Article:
It’s hot as balls in New York City. (I can say “hot,” right?) It’s humid, sticky, muggy and all sorts of other adjectives to describe the kind of heat wave that has me sweating bullets in the time it takes me to walk from my front stoop to the 7-Eleven on the corner, which can’t be more than 500 feet away. Oh, and as I write this, it’s also currently raining, because it’s not enough for my hair to deal with humidity; it’s gotta battle moisture, too.
When it’s this hot out, there’s no point in leaving the comfort of my air-conditioned bedroom — and if I am forced to leave my air-conditioned bedroom, then there’s really no point in putting effort into my appearance because I’m going to look like a wilted piece of lettuce the second I step outside.
All this talk about the heat wave got me thinking about the four elements — earth, wind, fire and water — and, more specifically, the songs that these phases of matter have inspired. To get closer to nature, check out songs by Bright Eyes, Jawbreaker, The Carpenters and Tegan And Sara.
1.) Bright Eyes’ “Four Winds”: If I could only listen to one band for the rest of my life, I’d probably choose Bright Eyes — and/or any of the musical offshoots from prolific frontman Conor Oberst. “Four Winds” is a rambling, old-fashioned, folk-infused protest song, representative of the alt-country twang on 2007’s Cassadaga. Conor’s voice is mesmerizing, as always, and the song has such a timeless feel, it’s hard to believe it’s less than five years old.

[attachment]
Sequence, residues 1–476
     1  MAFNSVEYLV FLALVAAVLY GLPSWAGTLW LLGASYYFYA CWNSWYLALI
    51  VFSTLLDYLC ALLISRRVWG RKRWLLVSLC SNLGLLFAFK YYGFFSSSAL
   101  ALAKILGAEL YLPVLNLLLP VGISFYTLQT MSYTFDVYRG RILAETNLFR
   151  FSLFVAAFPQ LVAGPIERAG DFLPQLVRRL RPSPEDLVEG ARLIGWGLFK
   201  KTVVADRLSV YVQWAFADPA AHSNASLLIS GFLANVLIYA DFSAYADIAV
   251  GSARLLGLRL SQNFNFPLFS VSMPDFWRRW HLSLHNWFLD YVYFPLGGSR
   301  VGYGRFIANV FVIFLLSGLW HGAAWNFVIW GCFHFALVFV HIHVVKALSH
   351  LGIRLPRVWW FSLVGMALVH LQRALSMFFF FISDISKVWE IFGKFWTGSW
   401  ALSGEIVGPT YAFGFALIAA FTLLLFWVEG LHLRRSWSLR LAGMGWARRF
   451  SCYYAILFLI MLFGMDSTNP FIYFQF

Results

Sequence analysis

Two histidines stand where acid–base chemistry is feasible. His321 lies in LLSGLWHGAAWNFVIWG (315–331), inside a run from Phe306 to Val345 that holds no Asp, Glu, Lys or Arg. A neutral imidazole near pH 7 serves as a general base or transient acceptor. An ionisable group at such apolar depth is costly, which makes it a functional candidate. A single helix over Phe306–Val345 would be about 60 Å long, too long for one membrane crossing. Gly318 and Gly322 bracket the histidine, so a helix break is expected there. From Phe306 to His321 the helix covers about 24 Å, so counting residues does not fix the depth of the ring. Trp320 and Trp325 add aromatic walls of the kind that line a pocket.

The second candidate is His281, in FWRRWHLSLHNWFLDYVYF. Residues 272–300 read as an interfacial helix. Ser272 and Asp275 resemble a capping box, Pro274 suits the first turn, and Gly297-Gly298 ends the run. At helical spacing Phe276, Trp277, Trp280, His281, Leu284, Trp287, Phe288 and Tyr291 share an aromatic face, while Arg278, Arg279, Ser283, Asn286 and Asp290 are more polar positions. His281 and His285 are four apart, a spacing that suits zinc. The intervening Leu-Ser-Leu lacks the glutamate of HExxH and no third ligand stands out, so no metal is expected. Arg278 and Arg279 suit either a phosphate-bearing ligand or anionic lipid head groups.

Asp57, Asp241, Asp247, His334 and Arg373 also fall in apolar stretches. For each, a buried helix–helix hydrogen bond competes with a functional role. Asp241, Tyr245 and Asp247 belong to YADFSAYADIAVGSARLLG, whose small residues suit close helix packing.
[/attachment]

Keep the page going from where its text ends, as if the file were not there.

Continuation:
2.) Jawbreaker’s “Fireman”: I’ll probably lose major cred points by admitting this, but I didn’t really get into Jawbreaker until my mid-20s, and the first album I heard was Dear You. I immediately fell in love and thought to myself, “If all their records sound like this, I NEED to get their entire catalog STAT!” Unfortunately, all of their records didn’t sound like Dear You, and now they sit gathering dust in my closet. Many critics consider the band’s major-label debut a flop, and the LP created so much tension within the band that infighting caused Jawbreaker to call it quits two years later. I still kick myself for never being able to see the band play live, but I still hold on to hope that the guys can bury the hatchet and reunite before I die. Hey, if Axl Rose can finish Chinese Democracy, anything’s possible, right?
3.) The Carpenters’ “Rainy Days And Mondays”: I’m not usually a fan of ’70s AM rock, but this lovelorn classic gets me every time. What can I say? I’m a sucker for a good — yet completely unnecessary — saxophone solo (i.e. Lady Gaga’s “The Edge Of Glory“). Then again, who isn’t?
4.) Tegan And Sara’s “Soil, Soil”: Clocking in at only 1:23 minutes, “Soil, Soil” sounds more like an interlude than a full song, but that’s part of what makes it so beautiful. Tegan And Sara’s album, The Con, is filled with unrequited love songs, and this one is definitely at the top of the heartbroken heap. Example lyrics include: “All you need to say to me/Is call (call)/And I’ll be curled on the floor/Hiding out from it all/And I won’t take any other call.” For anyone who’s ever waited by the phone and wanted to dig a hole and hide until it rang, this song is for you.